The LPS receptor generates inflammatory signals from the cell surface
Department of Medicine, Division of Infectious Diseases and Immunology; Department of Molecular Genetics and Microbiology
Antigens, CD14; Cell Line; Cell Membrane; Culture Media; Enzyme-Linked Immunosorbent Assay; Golgi Apparatus; Green Fluorescent Proteins; Humans; *Inflammation; Interleukin-8; Kidney; Lipopolysaccharides; Luminescent Proteins; Microscopy, Confocal; Recombinant Fusion Proteins; *Signal Transduction
Bacterial lipopolysaccharides (LPSs) are recognized in mammals by a receptor complex composed of CD14, Toll-like receptor 4 (TLR4), and MD-2. The mechanism of TLR4 function remains to be elucidated. We constructed chimeric TLR molecules C-terminally fused to fluorescent proteins and stably expressed these chimeric constructs in cells. Confocal microscopy revealed TLR4 to be expressed on the plasma membrane and the Golgi apparatus. Time-lapse confocal imaging showed rapid recycling of TLR4/CD14/MD-2 complexes between the Golgi and the plasma membrane. Membrane TLR4 engagement by antibody was sufficient to induce signaling and pharmacological disruption of the Golgi did not affect cellular responses to LPS. Thus, LPS signaling commences after LPS recognition by surface-expressed TLR4 independent of LPS trafficking to the Golgi.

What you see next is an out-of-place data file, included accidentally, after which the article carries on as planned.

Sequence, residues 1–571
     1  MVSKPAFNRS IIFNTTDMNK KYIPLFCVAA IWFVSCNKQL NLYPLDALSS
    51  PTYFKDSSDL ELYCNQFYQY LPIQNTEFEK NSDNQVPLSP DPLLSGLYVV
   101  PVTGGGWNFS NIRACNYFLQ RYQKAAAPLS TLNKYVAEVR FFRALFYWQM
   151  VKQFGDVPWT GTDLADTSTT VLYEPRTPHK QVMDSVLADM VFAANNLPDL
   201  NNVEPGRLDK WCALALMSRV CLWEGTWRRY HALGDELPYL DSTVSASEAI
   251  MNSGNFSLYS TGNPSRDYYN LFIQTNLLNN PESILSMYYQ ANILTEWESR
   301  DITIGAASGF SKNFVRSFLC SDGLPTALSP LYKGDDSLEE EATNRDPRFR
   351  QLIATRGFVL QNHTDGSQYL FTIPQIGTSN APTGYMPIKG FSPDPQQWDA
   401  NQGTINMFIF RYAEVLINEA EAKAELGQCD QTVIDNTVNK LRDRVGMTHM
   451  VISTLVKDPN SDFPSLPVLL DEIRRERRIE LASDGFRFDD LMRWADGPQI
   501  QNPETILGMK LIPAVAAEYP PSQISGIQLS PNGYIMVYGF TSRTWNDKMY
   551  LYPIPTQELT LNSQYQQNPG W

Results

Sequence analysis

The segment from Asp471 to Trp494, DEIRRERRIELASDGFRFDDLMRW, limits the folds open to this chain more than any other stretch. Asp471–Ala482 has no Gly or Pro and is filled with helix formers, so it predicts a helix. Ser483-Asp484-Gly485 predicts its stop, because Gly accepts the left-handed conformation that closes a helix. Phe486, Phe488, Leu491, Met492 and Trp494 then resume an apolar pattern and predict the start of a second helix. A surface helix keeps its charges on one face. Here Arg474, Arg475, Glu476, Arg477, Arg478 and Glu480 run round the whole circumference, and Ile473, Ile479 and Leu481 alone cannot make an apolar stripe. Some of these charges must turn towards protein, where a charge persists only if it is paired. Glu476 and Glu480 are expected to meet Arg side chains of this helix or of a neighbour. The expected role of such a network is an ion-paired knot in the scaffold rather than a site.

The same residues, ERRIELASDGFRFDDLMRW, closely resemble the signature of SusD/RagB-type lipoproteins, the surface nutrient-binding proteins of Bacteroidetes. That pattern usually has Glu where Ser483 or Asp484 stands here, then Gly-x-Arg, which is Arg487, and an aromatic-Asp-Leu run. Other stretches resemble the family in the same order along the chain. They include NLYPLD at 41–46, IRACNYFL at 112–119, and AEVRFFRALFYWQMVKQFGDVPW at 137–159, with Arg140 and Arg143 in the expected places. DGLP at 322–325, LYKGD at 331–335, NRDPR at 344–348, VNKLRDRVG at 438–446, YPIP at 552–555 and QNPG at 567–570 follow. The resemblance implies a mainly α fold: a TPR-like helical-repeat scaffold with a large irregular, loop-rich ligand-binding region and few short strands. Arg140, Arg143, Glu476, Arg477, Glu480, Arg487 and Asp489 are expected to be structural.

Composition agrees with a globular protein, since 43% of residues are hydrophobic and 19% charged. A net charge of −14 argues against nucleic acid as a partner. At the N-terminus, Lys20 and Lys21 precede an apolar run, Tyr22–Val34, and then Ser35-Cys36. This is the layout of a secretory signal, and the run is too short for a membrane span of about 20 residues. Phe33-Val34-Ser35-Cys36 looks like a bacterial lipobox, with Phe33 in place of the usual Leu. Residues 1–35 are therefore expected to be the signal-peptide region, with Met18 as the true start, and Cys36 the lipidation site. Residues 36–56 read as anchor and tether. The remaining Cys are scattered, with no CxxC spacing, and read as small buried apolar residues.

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Citation: J Endotoxin Res. 2003;9(6):375-80. Link to article on publisher's site